The well-known parts of the elaborate table service were created in the years 1802-4. They were made in Augsburg by Gustav Friedrich Gerich and were decorated on a central place the monogram of Duke Ernst Coburg-Saalfeld. I. and service number. Seelig assumed that they were taken either from the silver collection of Duke Franz of Saxe-Coburg-Saalfeld, Ernst’s father and after the official accession 1806 were provided with the princely duke Ernst I. Older silver could also have been acquired later for the silver chamber, as due to the Napoleonic wars and economic and political crises many precious silver objects were found on the market.
Duke Ernst I was declared full of age due to the illness of his father in 1803 and took over after the death of his father in 1806 the government of the Duchy of Saxe-Coburg and Gotha.

Duke Ernst I was closely related to the leading royal houses of his time. He was in 1801 General on horseback under Tsar Alexander I and fought in 1813/14 as a Prussian general under King Friedrich Wilhelm III of Prussia. His sister Juliane (Anna Feodorovna) was married to the Russian Grand Duke Konstantin, the brother of Tsar Alexander I. His younger brother Leopold became king of Belgium in 1831. Ernst I was the father of the British Prince Consort Albert and his sister Victoire, the uncle of the later Queen Victoria of Great Britain and Ireland, thus a direct ancestor of the British royal family of the Windsor.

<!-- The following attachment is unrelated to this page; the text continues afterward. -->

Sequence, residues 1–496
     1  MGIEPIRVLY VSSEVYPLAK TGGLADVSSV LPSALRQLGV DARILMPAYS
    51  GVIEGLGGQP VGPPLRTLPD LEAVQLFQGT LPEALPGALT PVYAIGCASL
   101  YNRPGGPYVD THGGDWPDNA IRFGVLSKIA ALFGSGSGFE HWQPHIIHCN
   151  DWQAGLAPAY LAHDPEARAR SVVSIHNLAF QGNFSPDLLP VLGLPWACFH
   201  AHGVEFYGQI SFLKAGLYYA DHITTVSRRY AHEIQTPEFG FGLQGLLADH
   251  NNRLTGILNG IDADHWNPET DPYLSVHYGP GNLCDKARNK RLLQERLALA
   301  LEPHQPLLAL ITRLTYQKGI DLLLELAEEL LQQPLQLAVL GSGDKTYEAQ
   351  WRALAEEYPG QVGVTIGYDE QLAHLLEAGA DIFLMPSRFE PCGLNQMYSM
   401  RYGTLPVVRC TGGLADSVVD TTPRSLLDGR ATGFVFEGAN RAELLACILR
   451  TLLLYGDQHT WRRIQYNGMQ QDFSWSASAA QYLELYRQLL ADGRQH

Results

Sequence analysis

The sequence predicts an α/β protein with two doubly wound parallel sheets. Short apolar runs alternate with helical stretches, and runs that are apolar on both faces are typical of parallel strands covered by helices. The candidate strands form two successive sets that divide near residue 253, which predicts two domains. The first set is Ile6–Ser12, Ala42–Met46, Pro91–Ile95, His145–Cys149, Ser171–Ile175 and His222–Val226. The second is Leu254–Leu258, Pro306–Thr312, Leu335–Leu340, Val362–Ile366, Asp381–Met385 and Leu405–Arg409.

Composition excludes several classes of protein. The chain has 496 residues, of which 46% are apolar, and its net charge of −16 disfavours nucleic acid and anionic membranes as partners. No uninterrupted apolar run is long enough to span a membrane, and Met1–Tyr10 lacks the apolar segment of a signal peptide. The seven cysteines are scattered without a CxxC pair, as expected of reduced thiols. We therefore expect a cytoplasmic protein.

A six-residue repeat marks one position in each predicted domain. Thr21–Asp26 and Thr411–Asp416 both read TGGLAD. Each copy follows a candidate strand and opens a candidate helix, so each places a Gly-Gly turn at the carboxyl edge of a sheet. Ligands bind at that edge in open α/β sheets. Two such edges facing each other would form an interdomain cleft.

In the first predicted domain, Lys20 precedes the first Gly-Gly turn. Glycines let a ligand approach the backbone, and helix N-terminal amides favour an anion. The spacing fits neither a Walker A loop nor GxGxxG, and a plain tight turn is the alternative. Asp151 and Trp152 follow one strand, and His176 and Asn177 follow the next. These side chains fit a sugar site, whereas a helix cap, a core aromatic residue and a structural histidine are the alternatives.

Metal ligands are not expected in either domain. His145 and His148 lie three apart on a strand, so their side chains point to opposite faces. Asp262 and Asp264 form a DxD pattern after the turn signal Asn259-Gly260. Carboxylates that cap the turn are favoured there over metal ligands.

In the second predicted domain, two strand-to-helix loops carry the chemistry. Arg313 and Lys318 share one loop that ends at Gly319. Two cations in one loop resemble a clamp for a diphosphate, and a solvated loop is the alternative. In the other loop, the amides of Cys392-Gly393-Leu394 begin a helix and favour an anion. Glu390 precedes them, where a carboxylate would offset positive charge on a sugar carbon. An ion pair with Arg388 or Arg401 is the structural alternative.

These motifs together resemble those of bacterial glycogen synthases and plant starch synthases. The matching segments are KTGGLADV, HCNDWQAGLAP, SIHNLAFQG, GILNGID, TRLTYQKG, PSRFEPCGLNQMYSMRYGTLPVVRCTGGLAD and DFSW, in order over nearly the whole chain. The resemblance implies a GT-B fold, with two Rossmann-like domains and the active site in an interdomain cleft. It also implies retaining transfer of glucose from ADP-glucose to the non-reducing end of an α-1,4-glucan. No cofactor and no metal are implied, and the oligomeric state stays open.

Gustav Friedrich Gerich was born in Barfusdorf/Pomerania around 1726. In 1769 he became a master maker and married in the same year for the first time, then again in 1776 and 1795. Gerich died in 1808. His widow Elisabetha Jakobina Mayr continued the workshop after his death.
Several objects of Gustav Friedrich Gerich are in well-known museums such as the Historical Museum of St. Gallen, in the silver chamber of the Munich Residence, in the Württemberg State Museum Stuttgart, in the silver chamber Darmstadt and in the possession of the Foundation of the Duke of Saxe-Coburg and the Gotha Family.


Andressen B. Michael: Baroque delights at the courts of Europe, Stuttgart / Zurich, 1996, on illustrations of glass coolers, bottle coolers, and swivel vessels from the 15th century onwards.

Baumstark, Reinhold and Seling, Helmut (ed.): Silver and Gold, Augsburger Goldschmiedekunst for the Courts of Europe, exhibition from 23 February to 29 May 1994 in the Bavarian National Museum Munich, Munich 1994, p. XXXI, cat no. 79, 175, the type of vessel and the function of the cooling vessels.

Bosbach, Franz: Windsor-Coburg, Shared Estate – Common Heritage, A Dynasty and its collections, Munich 2007, p. 35 on the equipment of the castles.

Eberle, Martin: The Kunstkammer at Schloss Friedenstein Gotha: Stiftung Schloss Friedenstein, 2010 (From the collections of the Duke of Saxe-Coburg and Gotha Foundation for Art and Science, especially p. 30 on constant changes in the collections.

Henker Michael, u.a. (Hrsg.): A duchy and many crowns, Coburg in Bavaria and Europe, catalog to the national exhibition 1997 of the house of the Bavarian history and the art collections of the Veste Coburg in co-operation with the donation of the duke of Saxonia Coburg and Gotha’schen family and the City of Coburg, Veste Coburg and Callenberg Castle, June 3 to September 28, 1997, therein: Lorenz Seelig, cat. No. 9-14, lidded terrine with saucer plate by Gustav Friedrich Gerich, p. 453f. to the dinner service Duke Ernst I. of Saxe-Coburg and Gotha.

Hernmark, Carl: The Art of the European Gold and Silversmiths 1450-1830, Munich 1978, p. 137 on glass coolers.Seling, Helmut: The art of the Augsburg goldsmith 1529-1868, 3rd volume: master, marks, hallmark, Munich 1980, Seling No. 2524, to Gustav Friedrich Gerich.

Seling, Helmut: The art of the Augsburg goldsmith 1529-1868, vol. 3, master, stamps, hallmark, Munich 2007, Seling No. 2524, to Gustav Friedrich Gerich.